The two women bringing the judicial review said they first learned the news through media reports and the case sparked a review of how victims are consulted.

Worboys was convicted of 19 offences against 12 victims in 2009, but has been linked to more than 100 complaints in total.

His convictions included one count of rape, five sexual assaults, one attempted sexual assault and 12 of administering a substance with intent, while police are investigating a fresh allegation of historical sexual assault from 1997.

Government abandons plan to challenge release of 'Black Cab' rapist John Worboys

Lawyers representing 93 women whose allegations did not reach court have called for the Crown Prosecution Service (CPS) to reassess the cases, saying some victims had been told Worboys would “not be coming out for a long time” and so a fresh trial was not necessary.

A woman called Fiona said the police told her she was not “believable” when she reported being raped by Worboys in 2003.

The mother was on her way home to her young baby when she was picked up by his Hackney cab and offered “a very strong orange liqueur”.

“I remember him getting in the back of the cab with me but that was it, that’s all I remember anything other than waking up in hospital the next morning,” she told BBC Radio 4’s Today programme.

“I knew as soon as I woke up that I’d been raped.”

Another woman called Deborah said she was raped by Worboys in the same year after being picked up after a work function.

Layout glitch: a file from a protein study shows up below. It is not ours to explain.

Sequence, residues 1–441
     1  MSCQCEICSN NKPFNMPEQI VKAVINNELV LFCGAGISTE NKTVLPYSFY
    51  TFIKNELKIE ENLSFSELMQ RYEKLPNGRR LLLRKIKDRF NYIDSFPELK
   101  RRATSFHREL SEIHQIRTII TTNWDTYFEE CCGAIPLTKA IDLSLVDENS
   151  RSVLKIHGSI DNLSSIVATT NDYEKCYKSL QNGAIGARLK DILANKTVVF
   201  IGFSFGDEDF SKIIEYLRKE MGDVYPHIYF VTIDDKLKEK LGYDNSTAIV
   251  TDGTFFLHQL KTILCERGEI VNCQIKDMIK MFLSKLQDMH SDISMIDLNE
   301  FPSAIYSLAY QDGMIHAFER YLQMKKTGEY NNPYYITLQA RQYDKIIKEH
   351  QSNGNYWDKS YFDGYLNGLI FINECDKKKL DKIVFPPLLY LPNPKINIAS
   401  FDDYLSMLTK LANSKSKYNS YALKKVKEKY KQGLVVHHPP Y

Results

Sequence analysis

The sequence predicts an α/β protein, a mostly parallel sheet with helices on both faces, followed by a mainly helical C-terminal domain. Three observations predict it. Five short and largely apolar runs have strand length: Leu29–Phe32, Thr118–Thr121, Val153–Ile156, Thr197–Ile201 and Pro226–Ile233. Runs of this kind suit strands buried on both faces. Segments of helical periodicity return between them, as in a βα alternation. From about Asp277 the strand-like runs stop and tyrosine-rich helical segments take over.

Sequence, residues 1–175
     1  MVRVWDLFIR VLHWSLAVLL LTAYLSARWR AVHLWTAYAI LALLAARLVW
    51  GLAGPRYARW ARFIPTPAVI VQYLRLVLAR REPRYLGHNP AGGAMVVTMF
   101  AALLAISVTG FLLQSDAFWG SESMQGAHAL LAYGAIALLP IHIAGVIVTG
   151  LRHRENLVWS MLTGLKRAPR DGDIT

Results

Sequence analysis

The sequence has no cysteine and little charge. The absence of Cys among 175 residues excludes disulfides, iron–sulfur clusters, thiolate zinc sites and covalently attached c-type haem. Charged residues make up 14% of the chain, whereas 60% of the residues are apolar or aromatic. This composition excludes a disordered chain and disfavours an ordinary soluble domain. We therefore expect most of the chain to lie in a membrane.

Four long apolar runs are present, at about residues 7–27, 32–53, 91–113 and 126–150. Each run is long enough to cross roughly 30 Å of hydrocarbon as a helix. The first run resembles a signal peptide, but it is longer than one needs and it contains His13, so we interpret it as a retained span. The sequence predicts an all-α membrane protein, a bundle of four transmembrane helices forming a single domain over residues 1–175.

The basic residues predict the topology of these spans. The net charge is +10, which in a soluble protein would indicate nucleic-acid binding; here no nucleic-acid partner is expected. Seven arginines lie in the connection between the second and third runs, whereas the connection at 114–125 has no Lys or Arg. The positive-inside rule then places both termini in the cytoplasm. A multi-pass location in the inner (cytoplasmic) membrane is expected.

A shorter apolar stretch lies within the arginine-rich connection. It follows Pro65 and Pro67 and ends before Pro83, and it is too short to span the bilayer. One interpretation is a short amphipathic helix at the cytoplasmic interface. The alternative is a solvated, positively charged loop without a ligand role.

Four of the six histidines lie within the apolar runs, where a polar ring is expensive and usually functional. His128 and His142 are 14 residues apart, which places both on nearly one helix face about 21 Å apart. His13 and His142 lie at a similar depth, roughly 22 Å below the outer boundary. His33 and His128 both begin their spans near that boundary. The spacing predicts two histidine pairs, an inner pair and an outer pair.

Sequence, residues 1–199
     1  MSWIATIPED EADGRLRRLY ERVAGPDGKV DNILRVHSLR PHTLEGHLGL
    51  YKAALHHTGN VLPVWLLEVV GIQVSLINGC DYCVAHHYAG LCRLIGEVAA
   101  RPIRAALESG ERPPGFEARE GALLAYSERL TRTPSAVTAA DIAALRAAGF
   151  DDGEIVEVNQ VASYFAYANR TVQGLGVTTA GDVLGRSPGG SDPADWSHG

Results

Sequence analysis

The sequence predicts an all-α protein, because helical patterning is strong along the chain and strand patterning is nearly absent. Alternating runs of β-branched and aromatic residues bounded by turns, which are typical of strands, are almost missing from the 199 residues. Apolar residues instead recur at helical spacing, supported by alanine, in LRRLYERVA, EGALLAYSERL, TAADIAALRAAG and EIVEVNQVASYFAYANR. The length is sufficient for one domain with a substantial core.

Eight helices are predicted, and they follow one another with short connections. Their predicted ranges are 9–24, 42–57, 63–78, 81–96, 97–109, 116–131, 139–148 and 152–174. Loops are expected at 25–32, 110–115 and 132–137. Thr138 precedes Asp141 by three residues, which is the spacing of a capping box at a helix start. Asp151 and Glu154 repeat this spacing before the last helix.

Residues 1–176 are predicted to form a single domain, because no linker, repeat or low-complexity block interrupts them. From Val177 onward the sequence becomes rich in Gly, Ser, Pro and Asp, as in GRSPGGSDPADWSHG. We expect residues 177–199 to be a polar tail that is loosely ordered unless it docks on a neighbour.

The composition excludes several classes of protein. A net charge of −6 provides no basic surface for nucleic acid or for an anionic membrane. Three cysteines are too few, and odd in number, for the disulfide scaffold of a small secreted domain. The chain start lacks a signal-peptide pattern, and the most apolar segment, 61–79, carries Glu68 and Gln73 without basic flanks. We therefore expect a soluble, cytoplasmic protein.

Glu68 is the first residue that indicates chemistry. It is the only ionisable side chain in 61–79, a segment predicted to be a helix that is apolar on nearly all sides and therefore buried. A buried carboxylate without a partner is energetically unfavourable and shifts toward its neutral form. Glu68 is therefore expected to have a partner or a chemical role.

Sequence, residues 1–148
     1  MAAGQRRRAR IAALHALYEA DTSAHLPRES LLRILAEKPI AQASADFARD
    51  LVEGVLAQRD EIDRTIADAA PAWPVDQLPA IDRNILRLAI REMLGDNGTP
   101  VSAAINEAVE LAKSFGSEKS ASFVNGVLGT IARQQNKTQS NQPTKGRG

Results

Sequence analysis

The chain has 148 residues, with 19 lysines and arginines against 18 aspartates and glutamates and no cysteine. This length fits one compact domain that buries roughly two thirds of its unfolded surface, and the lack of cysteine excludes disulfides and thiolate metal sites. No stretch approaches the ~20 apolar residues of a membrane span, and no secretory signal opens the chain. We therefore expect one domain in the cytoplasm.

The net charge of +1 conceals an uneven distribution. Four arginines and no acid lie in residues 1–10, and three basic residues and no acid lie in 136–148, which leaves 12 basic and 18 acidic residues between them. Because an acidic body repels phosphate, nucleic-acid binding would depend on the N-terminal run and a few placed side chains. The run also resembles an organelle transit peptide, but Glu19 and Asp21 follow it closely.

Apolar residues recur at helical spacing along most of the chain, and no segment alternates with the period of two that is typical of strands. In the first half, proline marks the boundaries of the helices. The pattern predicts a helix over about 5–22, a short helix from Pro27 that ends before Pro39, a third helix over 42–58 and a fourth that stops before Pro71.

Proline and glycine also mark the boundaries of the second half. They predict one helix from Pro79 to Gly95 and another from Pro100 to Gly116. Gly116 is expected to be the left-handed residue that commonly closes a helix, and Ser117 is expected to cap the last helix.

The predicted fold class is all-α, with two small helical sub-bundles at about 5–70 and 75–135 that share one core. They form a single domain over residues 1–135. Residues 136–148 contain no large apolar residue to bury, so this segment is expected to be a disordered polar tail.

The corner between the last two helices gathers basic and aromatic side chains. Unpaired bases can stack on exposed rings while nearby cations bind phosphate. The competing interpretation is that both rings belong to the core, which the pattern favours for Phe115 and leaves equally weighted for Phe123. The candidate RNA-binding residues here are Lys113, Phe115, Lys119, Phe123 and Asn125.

The mother-of-two remembers the driver claiming he had won the lottery and only has flashbacks of what happened until she woke up the following afternoon.

Deborah said she went to police but was told “he’s already going to prison so just give your statement in”.

“They said the CPS is not going to press charges because he’s already in prison and it’s a waste of public money,” she added.

“It made me suicidal, it made me very, very ill… no woman is safe, no matter where she lives. No one is safe if he’s out there.”

The Government considered launching its own judicial review on the Parole Board’s decision but the Justice Secretary found the move “would not be appropriate” last month.

His announcement sparked renewed efforts by victims, who have crowdfunded more than £62,000 for the case.

In a report released on Wednesday, Dame Glenys Stacey said the procedure as it currently stands had mostly been followed in the Worboys case as only five women had opted into the Victim Contact Scheme.

But she said the “quality of correspondence was poor”, with letters containing errors in victims’ names and addresses and messages inviting them to contribute views for the parole hearing unclear.

Dame Glenys said officials went beyond their responsibility by trying to contact women who had not opted into the scheme but did not leave enough time for them to respond to letters that “lacked clarity and urgency”.

When the decision was made to release Worboys, five women were alerted by the Victim Contact Scheme but the news broke before some of them had received letters and calls.

“Those women not in contact with the scheme – the majority – learnt of the decision through the media,” Dame Glenys said. “All who spoke to us described their shock and distress.”

Mr Gauke said: “I fully accept that there are things we can do much better.

“That’s why we have already changed the letters we send to victims to make them more compassionate, clearer and more informative, but there is more to do. We will take these findings and improve the system.”